4. Unfinished business
A number of the Harper recommendations revive the concerns raised by the Hilmer Review. The Government supports the renewed recommendations to reform protectionist planning and zoning regulations, retail trading hours, and restrictions on taxi licensing – while noting that these are areas of state responsibility. It also notes the recommendation to reform restrictive pharmacy ownership and location rules, confirms an independent review to examine those location rules, and encourages States and Territories to consider the ongoing appropriateness of the ownership rules.
5. Competition payments
To help the States and Territories consider these restrictions objectively, the Government notes that it is willing to consider payments for reforms that improve productivity and lead to economic growth. It recognises the role that incentive payments played in the post-Hilmer reforms – and it is worth noting that reform quickly stagnated as soon as those payments ceased – while emphasising that payments would only be made on the basis of actual implementation of reforms, and not simply promises.
The Government has responded to complaints about the complexity of the competition law provisions of the CCA, much of which was introduced during the amendments to the old Trade Practices Act 1974 in 2009 and 2011. It will implement the Harper recommendation to simplify the competition law provisions of the CCA, including by removing overly specific provisions and provisions that are redundant. As will be discussed below, this will particularly be borne out in amendments to the cartel conduct prohibition.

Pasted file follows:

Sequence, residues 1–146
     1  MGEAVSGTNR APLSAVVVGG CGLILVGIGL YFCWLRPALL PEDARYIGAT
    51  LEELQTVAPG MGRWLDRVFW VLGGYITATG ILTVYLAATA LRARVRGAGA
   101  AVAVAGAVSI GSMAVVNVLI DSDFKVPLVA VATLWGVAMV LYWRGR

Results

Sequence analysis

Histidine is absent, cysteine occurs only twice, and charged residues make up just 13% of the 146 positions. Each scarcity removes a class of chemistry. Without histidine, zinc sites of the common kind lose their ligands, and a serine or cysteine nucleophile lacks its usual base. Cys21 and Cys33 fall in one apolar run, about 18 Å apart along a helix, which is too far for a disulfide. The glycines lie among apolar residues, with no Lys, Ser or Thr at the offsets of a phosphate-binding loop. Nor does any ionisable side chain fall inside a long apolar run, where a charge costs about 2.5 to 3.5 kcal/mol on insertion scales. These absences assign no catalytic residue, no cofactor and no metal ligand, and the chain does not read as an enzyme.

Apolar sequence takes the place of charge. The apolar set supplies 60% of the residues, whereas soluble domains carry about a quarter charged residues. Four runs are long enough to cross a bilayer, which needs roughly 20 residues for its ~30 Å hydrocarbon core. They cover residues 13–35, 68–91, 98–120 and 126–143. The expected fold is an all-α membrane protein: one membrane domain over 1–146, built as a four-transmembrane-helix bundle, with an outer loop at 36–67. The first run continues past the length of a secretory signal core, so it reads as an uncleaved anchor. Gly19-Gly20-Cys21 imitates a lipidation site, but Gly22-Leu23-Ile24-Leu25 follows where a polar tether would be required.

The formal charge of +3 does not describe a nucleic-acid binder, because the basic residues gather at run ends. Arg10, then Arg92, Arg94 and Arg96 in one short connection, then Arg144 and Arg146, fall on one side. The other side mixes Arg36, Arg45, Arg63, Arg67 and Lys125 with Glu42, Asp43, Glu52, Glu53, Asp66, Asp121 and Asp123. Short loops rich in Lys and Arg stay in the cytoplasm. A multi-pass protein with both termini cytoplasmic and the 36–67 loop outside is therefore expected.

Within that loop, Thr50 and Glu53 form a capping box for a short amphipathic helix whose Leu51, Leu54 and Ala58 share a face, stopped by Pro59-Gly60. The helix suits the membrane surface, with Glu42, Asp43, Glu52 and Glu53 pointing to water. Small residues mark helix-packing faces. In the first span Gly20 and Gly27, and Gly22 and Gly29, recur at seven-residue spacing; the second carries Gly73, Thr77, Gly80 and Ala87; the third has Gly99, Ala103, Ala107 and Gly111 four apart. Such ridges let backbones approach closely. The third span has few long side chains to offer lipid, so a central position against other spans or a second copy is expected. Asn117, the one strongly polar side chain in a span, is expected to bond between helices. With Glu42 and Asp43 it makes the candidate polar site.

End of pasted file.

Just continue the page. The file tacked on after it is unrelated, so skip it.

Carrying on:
2. Cartel provisions
It appears that one of the more significant amendments to the CCA will be in relation to the cartel provisions, which are considered both overly complicated and confusing in their current form. The Government has supported the Harper panel’s recommendation to overhaul these provisions and to provide an exemption for joint ventures.
(a) Exclusionary provisions
The Government accepts that the prohibition of exclusionary provisions is unnecessary and increases the complexity of the law. In particular, it has noted that the definition of exclusionary provisions overlaps substantially with the definition of market sharing, a form of cartel conduct. Accordingly, the prohibition on exclusionary provisions will be removed and the cartel provisions amended to ensure that this form of conduct is covered.
(b) Joint venture exception
The Government has promised to amend the current exception for joint ventures to provide appropriate exemptions for demonstrable and deliberative joint venture activity. It will release exposure draft legislation that broadens the joint venture exemption so that it does not limit legitimate commercial transactions, such as through vertical supply arrangements.
(c) Vertical arrangements exception
The Harper Report also recommends that vertical arrangements be exempted from the cartel provisions and addressed by sections 45 or 47 to the extent that they have the purpose, effect or likely effect of substantially lessening competition. The Government’s response suggests that the joint venture exception may be broadened to include vertical supply arrangements, which would be a novel expansion. It may be that a separate exception for vertical arrangements is introduced in the exposure draft as recommended.
3. Price signalling and concerted practices
In a move likely to result in a significant uptick in proceedings commenced by the ACCC, the Government supports the amendment of section 45 of the CCA to capture concerted practices that substantially lessen competition. The amendment will prohibit persons from engaging in a ‘concerted practice’ that has the purpose, effect or likely effect of substantially lessening competition. While the Harper report considered that the meaning of “concerted practice” did not require any legislative definition, the exposure draft legislation may well attempt to provide some additional clarity.